How to Handle High Churn Rates

* This article is part of a White Paper called “SaaS: Secrets of Churn Revealed.”


As with all great things, SaaS is not without its share of obstacles; From shifting

technological standards to changing practices to fluctuating trends, there are many

obstacles to overcome… especially the big one – churn rates.


Churn rates are unavoidable, but a successful SaaS provider will gain enough

customers per fiscal period to vastly out-scale this loss, resulting in not just stability,

but in ongoing net gains of profit and equity.


The problem is that as the average amount of customers at any time increases,

these churn rates have a tendency to creep up. A 5% churn rate per 100 customers

is fairly common, but in some cases, the creep with customer gain can result in a

thousand customers running parallel to as much as a whopping 50% churn rate.


There is no guaranteed golden solution to churn rate, but there are some measures

that will definitely work, within reason. Some measures have even proven to reduce a

50% rate at one thousand customers to only a 20% churn rate, which is actually

pretty impressive.


The first measure to take is to be proactive and aware of the community. Keep a

watchful eye out for competitors who wish to capitalize on the popularity of a service.

Study them closely, and find the flaws in their design, flaws that your ‘superior’

service does not have (These flaws are absolutely there, they are simply waiting to be



When you find the flaws, work them into your marketing strategy and your white

papers; Show how your service is vastly superior, more efficient and more reliable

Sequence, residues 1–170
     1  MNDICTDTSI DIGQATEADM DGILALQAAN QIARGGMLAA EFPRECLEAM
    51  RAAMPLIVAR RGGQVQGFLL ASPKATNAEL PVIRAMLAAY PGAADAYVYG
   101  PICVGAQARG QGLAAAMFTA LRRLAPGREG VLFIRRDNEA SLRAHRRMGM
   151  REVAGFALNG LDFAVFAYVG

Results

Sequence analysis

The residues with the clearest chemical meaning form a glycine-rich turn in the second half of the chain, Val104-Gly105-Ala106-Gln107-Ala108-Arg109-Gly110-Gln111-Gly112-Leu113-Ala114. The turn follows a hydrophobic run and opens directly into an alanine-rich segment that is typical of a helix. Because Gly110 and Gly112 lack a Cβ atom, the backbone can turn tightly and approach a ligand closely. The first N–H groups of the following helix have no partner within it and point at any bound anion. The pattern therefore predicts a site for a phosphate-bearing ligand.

than existing or new competition.


Show potential customers – right away – that they are making the right decision, so

that down the line, they won’t be tempted by the illusion that competitors with lower

prices are superior.


Taking this a step further, the tactic of incentivizing customers, by rewarding loyalty,

is very powerful. Customer loyalty programs have proven themselves to be incredibly

effective over the course of hundreds of years, regardless of the business or

economic climate of the time.


In recent decades, loyalty programs with car rentals, travel agencies and airlines

have become popular for their lavish rewards for frequent, long-term, customer



Naturally, a SaaS provider is not expected to be quite so lavish with their rewards.

The reason customer loyalty rewards work, in general, isn’t entirely due to how

valuable the reward is, but rather in the gesture of a ‘reward’ itself.


Always remember that in marketing, regardless of the field or industry, it is important

to appeal to both logic and emotion when reaching out to customers.


This is true with SaaS as well. Customers value the sensation of feeling appreciated. A

customer who feels valued and respected by a company is going to have a natural

compulsion to continue a relationship with this company, even if an inferior service